Let us visualise your present-moment. You’d think of the most obvious, or commonplace, setting. You are sipping your morning cup of coffee, or tea, reclining on your sofa, and reading the front-page of your favourite newspaper — which is invariably replete with the unpleasant, not something that would ‘pump’ you with optimism. Your morning routine with the cuppa that cheers, juxtaposed by what is tantamount to be ‘no news is good news’ behoves your current purpose. Yet, it is not as simplistic as it sounds — well, the point is it is only when you suspend your thought process for a moment, and take a deep breath, that ‘it’ becomes your moment, or present-moment, providing hope and buoyancy for the day ahead. It is a moment that galvanises your thoughts, while propelling your mood from the dance of the shadows to self-confidence. This is a fleeting moment, all right, but it packs a healthy punch to change your world as you embark on yet another rota at your office, or profession, focused as you are to do your best, come what may.
Whatever decision, or indecision, we take happens in the moment — you’d think of them as wave particles in motion that keep emerging in and out of your perimeter of thought, or mind. Yet, any which way you look at it, this corresponds to a moment — your present-moment, which is as fresh as the blossoming flower, the undulating waters of the sea, or the chirping of birds across your window. The whole purport of the present moment holds good not just with time, but also with your resolutions, or intentions. This is simply because what happens ‘in the now’ is the whole thing, since waiting for the next moment may not be a good idea. You may simply miss it on the ‘spur,’ or for any other reason, including your preoccupations — since it can come ‘in the twinkling of an eye’ and ebb without your watchfulness, if not awareness.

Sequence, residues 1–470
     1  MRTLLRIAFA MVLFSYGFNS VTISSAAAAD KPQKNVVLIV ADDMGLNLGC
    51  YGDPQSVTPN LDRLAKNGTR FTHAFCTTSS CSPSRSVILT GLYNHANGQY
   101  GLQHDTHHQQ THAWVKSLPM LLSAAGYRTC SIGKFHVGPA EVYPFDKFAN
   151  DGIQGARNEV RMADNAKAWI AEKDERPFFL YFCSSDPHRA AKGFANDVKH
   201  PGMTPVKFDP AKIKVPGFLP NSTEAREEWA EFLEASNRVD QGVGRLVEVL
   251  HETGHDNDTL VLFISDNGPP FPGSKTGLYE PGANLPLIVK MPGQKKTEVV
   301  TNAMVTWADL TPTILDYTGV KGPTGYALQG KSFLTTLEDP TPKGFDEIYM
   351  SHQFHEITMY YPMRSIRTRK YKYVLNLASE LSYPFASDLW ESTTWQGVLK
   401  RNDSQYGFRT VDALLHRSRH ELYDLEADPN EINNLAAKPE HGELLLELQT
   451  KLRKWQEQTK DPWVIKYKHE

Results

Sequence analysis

The more we all ‘take-in’ one moment at a time, it often turns out to be your ‘finest moment’ to experience your potent urge to do well and also be obligated to do your best — no matter the odds. This is reality too — of waltzing in tranquillity, floating in the river of calm and savouring the ever-eternal present. In other words, it represents our human dialect and aspect — of what we are, or what we are not. Our philosophers explain their import as being a part of the multidimensional levels of one’s existence — a unique component that guides us to higher levels of knowing, feeling and experiencing things, as they are, and what they are. While it is agreed that such knowledge, including our conscious awareness, permits for the experience of our being, or existence, it also, in more ways than one, endows us with subtle faculties to making our understanding practicable. You’d think of such complexities as a part of your psyche, or life experience, including your sensory skills that correspond to the compass of one’s conscious individual awareness.
This is not just your eternal aspect, but also a means of access that exemplifies your existence. It epitomises, no less, your conscious awareness, conscious emotions, or unconscious patterns, that keep you going and also connected to your soul’s ‘code’ of being. You’d relate to the whole context, or the prism of your being, as the sum total of your human dimension — one that has the ability to detail and learn from your own and others’ experience.
(The writer is a wellness
physician and author)
Rajgopal Nidamboor